D. C. Fontana

D. C. Fontana

Dorothy Catherine "D. C." Fontana (born March 25, 1939 in Sussex, New Jersey) is an American television script writer and story editor, best known for her work on the original Star Trek series.


Work with Gene Roddenberry

Originally Gene Roddenberry's secretary,[1] she has written for Star Trek from the outset, starting with Star Trek (The Original Series) (TOS) from 1966 through 1969. During that time she wrote such episodes as "Tomorrow Is Yesterday", "Friday's Child", "Journey to Babel", "This Side of Paradise", and "The Enterprise Incident".

Under the pen name Michael Richards, Fontana wrote "That Which Survives" and "The Way to Eden", both from the third season of TOS. Fontana also wrote under the name J. Michael Bingham. This pseudonym was used for the story and teleplay credits for "The Naked Now", an episode of Star Trek: The Next Generation. The story credit was shared by John D. F. Black, who had written "The Naked Time", the TOS episode to which "Naked Now" was an homage.

She also wrote the episode "Yesteryear" for the Emmy Award winning Star Trek: The Animated Series, the only episode of that series which contained material considered canonical.

She wrote several episodes in the first season of Star Trek: The Next Generation starting with the 1987 pilot episode, "Encounter at Farpoint", and the episode "Dax" of Star Trek: Deep Space Nine in 1993.

Between Star Trek assignments, she wrote the novelization of another Roddenberry project, The Questor Tapes. In 1989, Pocket Books published her novel, "Vulcan's Glory," which concerns Spock's struggle to reconcile his Vulcan heritage with his obligations to Starfleet and his duties to family — and his own heart's desires.

Other screenwriting work

Fontana has written scripts for other science fiction shows such as The Six Million Dollar Man (episode "Straight on 'till Morning" and episode "Rescue of Athena One" starring Farrah Fawcett-Majors) in 1974, Logan's Run in 1978 (also serving as story editor for the short-lived series based on the movie), Babylon 5 in 1994 (episodes "The War Prayer" and "Legacies" in season one, and "A Distant Star" in season two), and Earth: Final Conflict in 1997.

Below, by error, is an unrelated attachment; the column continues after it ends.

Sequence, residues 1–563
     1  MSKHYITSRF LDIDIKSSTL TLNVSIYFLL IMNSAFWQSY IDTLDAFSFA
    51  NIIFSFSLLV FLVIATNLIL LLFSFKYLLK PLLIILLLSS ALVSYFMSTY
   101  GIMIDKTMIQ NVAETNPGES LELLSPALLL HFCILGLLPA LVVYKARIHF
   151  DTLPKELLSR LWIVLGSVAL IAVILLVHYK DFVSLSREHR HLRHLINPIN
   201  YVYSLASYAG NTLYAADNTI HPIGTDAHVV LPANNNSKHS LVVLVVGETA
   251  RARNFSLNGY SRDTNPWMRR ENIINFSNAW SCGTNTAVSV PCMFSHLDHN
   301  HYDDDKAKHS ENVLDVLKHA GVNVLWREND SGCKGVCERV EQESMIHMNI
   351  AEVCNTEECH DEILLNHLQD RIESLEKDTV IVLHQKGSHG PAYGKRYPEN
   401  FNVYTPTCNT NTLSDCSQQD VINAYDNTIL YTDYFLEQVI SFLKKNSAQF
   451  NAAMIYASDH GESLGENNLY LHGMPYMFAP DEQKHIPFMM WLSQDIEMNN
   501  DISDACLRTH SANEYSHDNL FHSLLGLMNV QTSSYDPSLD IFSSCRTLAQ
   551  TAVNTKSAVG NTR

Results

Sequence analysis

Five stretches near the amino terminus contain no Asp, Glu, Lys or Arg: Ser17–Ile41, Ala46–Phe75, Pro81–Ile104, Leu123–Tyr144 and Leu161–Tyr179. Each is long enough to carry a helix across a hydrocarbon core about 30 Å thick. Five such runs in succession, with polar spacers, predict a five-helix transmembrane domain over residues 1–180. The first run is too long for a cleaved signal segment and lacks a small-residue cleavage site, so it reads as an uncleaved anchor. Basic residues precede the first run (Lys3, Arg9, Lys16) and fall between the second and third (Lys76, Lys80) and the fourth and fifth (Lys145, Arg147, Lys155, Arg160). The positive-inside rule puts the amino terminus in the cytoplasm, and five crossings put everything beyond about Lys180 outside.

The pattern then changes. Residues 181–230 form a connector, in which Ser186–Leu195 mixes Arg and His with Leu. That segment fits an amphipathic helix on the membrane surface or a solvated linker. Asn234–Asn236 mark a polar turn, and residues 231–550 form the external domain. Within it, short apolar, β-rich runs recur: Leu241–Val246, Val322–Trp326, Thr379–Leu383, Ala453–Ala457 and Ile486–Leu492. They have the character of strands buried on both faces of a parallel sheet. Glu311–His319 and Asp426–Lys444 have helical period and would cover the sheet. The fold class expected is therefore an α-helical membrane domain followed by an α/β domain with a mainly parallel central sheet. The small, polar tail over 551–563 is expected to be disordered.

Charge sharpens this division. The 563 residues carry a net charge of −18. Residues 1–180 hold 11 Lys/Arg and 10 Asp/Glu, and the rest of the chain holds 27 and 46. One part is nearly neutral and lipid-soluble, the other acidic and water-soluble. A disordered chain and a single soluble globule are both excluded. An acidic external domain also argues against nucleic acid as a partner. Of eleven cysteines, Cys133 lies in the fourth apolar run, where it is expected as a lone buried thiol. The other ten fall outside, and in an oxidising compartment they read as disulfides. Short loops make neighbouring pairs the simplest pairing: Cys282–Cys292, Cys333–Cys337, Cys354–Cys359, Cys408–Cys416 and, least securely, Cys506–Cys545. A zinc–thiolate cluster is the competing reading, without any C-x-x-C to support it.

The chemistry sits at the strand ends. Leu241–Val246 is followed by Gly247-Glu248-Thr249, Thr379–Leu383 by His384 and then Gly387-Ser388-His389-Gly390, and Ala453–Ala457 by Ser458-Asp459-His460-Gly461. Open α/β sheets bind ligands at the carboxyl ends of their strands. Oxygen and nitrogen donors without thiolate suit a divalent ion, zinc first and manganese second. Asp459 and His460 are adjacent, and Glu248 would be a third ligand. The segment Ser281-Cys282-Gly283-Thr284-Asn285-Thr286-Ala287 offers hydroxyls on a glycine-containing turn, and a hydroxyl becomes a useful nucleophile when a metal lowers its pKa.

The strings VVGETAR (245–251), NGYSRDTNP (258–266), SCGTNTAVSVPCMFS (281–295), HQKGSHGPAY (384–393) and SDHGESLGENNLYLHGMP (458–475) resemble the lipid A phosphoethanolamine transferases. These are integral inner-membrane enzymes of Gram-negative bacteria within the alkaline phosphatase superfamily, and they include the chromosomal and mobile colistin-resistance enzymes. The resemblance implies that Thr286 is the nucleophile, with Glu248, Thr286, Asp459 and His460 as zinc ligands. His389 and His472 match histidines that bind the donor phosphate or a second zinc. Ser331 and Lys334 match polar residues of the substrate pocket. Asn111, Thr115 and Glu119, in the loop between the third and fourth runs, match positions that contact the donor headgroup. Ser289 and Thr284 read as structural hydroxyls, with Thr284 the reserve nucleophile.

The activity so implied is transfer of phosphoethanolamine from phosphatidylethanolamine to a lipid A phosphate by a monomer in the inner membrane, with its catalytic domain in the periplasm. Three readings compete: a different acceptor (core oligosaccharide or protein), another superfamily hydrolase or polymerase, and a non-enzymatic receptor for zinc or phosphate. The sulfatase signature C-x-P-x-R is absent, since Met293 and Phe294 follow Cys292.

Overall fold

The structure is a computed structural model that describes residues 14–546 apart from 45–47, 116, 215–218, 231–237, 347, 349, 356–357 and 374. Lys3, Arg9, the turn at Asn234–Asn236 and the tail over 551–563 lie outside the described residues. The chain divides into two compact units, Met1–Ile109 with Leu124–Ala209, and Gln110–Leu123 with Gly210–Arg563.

Her writing credits include children's shows such as the 1970s series Land of the Lost—which also featured other Star Trek veterans—He-Man and the Masters of the Universe in 1983 (episode "Battle Cat"), and the Beast Wars episode "Crossing the Rubicon". She co-wrote "Where No Sprite Has Gone Before", a 1997 episode of the CGI television series ReBoot.

An episode of the Internet-based fan-made Star Trek series Star Trek: New Voyages, "To Serve All My Days", was also written by Fontana and features a guest appearance by Walter Koenig reprising his role of Pavel Chekov in TOS.

Bethesda Softworks reports that Fontana, along with her partner Derek Chester, wrote the storylines for the video games Star Trek: Legacy and Star Trek: Tactical Assault.[2]

Fontana and Chester also wrote for IDW Publishing's comic line Star Trek – Year Four. They were involved with the second miniseries titled The Enterprise Experiment.

Non-science fiction shows she has written for include TV series such as Dallas and The Waltons.

Tributes to Fontana

The makers of Deep Space Nine have said that the character of science fiction writer "K. C. Hunter" (played by Nana Visitor) was inspired by Fontana.

Her name was "spoofed" as the name of the character "D. C. Montana" on the short-lived science fiction television series The Highwayman; the character was portrayed by Tim Russ, who would later play Tuvok on Star Trek: Voyager.


Fontana is also a long-time member of the Society for Creative Anachronism, having served as Mistress of the Lists for the Kingdom of Caid under the SCA name Miranda Douglas of Schiehallion, as mentioned in The Crown Prints, the Kingdom newsletter of the time (early 1980s).


  1. ^ Dorothy (D.C.) Fontana
  2. ^ Star Trek Games - Bethesda Softworks

External links

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